Why do people use perfumes
This is how pheromones really affect us
The problem with these studies: “On the basis of a change in behavior, it is not yet possible to tell whether it was initiated by a pheromone - or by a normal odor effect,” explains Hanns Hatt.
Perfect partner thanks to sweaty shirts
Even so, the role of pheromones in attraction and mate choice has been mystified in recent years. For example, pheromone perfumes are marketed for an additional attraction kick, and a special dating format has even emerged around the supposed sexual attractants: pheromone parties.
The concept: Each guest brings a T-shirt that they slept in for three nights - and the other guests can sniff their way through the T-shirts. Those who can smell good get the chance to meet.
This type of pheromone tinder is based on the idea that people, like animals, can release pheromones through sweat. People should have a particularly attractive odor, theirs Immune system differs as much as possible from ours - a good prerequisite for healthy offspring. But can we actually sniff other people's immune systems?
Unlikely, experts believe
What is clear is that it works with mice. A mouse can use pheromones to perceive very well whether it is meeting a related mouse with a similar immune system - or a strange one, which is preferred as a partner with its different immune system. The mouse only needs thorough urine and fur contact with the other mouse. But while the mouse has about 300 highly specialized receptors for detecting pheromones, we have just five classic pheromone receptors.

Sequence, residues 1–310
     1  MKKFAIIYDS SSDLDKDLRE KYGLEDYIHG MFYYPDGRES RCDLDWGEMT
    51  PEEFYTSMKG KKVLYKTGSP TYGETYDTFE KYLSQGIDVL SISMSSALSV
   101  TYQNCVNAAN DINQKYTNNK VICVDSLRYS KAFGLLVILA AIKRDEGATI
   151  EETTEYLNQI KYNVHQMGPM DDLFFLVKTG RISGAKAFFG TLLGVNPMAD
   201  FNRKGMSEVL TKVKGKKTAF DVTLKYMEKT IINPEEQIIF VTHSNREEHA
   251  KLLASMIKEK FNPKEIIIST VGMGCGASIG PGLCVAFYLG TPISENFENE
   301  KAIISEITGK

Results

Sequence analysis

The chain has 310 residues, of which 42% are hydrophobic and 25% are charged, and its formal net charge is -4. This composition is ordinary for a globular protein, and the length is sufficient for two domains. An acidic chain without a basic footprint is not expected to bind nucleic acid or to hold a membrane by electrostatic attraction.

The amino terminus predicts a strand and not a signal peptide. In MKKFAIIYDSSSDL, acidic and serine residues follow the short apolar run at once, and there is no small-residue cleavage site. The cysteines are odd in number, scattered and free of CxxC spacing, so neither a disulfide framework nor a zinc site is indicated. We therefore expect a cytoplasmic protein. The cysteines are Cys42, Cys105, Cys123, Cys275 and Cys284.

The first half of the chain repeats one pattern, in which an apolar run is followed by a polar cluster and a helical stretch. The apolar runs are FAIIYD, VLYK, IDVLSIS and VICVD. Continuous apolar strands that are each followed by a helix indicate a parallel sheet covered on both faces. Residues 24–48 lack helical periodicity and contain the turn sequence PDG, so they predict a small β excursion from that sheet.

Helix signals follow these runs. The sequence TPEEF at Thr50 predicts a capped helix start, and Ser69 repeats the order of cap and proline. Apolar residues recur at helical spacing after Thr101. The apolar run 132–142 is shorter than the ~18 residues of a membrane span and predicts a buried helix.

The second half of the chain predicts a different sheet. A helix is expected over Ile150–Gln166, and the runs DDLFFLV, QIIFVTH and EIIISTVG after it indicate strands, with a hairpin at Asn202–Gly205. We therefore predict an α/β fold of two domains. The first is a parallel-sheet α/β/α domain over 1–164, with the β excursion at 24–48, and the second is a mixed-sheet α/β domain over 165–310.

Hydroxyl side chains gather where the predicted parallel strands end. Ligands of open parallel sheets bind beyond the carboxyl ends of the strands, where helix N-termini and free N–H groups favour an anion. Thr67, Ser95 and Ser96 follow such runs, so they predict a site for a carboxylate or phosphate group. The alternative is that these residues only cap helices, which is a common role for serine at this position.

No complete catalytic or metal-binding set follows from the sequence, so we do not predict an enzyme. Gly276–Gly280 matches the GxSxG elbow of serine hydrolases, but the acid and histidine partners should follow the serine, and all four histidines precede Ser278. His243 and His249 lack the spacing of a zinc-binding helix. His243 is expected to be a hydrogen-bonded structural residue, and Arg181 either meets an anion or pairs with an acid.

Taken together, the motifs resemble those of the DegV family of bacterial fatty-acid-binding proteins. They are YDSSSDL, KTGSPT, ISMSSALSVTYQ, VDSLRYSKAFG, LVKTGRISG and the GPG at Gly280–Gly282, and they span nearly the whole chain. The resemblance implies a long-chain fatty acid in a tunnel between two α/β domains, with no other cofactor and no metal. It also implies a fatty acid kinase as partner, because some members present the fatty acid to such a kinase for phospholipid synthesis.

Hanns Hatt considers it extremely unlikely that humans, with their low number of pheromone receptors, can only collect information about the immune system of other party guests using a T-shirt. In addition, it is assumed that pheromones are found in sweat - but no human pheromone has yet been isolated.
“If a person smells something, it is more likely the odor cloud of the microbiome,” the many bacteria in and on us. “The smell of bacteria can provide information about our health. However, this has nothing to do with pheromones; the normal 400 olfactory receptors in the nose are responsible for this, ”says the biologist and physician.
Author: Verena Mengel
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